In Sophie Letourneur's unassumingly fantastic debut, Chicks (French title being the more elegant La Vie au Ranch, which means Life at the Ranch), a gaggle of directionless 20-something young ladies traipse through their Parisian, smoky, beer-goggled and boy-crazy lives for 92 minutes of film-time. Through the cinema-vérité shooting style, effortlessly natural performances, and time-skip-aheads near the end, Letourneur effectively leaves you feeling like you've seen feminine youth itself encompassed within that hour-and-a-half--or at least her version of it.
Primarily revolving around three college students and best friends--Pam, Manon, and Lola--Chicks kicks off with them stumbling around a party at their nearly-communal apartment, nicknamed The Ranch, calling for each other in the mass of their darkly-lit peers and stopping only to flirt with boys (and other girls), or slurp up homemade alcoholic concoctions. Eventually they pour out onto the streets of Paris, gabbing and shuffling along the stone sidewalks in dangerously unstable heels. And then their day begins anew, as the girls make jokes about how bad their breath smells and how much they don't want to go to class; killing time before the next party.
What's remarkable about Chicks is that in many, if not most other hands, the portrayal of these girls would inevitably turn condescending if not all-out contemptuous. The other extreme possibility, of course, would be to glorify their carefree (which, as it turns out, is not so carefree at all) attitude and glamourize the girls as enviable and justified in their actions. Letourneur does neither--though if one we're splitting hairs, she'd lean towards the latter--and simply shows us a seemingly unbiased look, allowing us to draw what conclusions we will. Perhaps on some level she's even poking fun at the magnitude of panic older folks or parents in general give in to at the thought of their daughters behaving badly. In Chicks, while the path wavers and includes many seemingly unsavoury detours--by the end none of the girls are strung-out hookers or lying dead in someone's bathroom, as the natural conclusion an overprotective, "square" adult might imagine.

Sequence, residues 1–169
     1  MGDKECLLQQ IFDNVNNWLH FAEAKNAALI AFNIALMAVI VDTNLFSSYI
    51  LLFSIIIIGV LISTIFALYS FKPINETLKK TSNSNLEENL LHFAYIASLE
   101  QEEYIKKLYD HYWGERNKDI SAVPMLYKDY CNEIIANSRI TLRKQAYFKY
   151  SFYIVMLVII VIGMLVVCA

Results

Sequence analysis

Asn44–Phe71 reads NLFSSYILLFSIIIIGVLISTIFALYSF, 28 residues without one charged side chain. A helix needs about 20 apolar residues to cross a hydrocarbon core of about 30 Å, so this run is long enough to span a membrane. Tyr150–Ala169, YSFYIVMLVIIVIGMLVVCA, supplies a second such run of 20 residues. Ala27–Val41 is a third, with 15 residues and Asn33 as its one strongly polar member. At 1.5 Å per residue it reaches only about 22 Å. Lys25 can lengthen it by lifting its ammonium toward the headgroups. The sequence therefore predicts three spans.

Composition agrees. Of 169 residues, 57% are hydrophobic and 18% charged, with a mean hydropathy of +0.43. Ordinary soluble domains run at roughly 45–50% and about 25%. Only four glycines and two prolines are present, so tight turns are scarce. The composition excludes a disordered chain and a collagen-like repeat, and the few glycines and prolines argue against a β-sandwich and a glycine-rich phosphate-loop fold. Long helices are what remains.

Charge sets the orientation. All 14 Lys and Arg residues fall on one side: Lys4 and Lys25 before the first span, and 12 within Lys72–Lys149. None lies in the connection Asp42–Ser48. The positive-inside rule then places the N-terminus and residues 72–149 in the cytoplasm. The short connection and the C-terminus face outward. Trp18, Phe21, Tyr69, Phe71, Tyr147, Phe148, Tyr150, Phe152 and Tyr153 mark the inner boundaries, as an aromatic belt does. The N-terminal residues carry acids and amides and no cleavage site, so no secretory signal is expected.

There have been countless movies, ranging from good-to-bad-to-offensive-to-naive-to-just-plain-stupid, by both males and females, that attempt to deal with a girl or woman's coming of age. Typically the girl experiences a turning point of some kind, and either seals herself off from emotion or lashes out as some manic sex fiend or perhaps cuts herself. All of these stories have validity, but they make Chicks' central conflict--or complete lack thereof--feel immensely more refreshing. Pam, Manon, and Lola are young, and partying, texting, and gallivanting around on the arms of romantic partners is not going to make or break their future. We spend all of our adult lives working and saving, and trying to do the right thing. Why not use those precious few transition years to...well, not? As Pam says of her avant-garde suitcases-attached-to-the-wall art piece, while laughing self-consciously, "it doesn't really mean anything."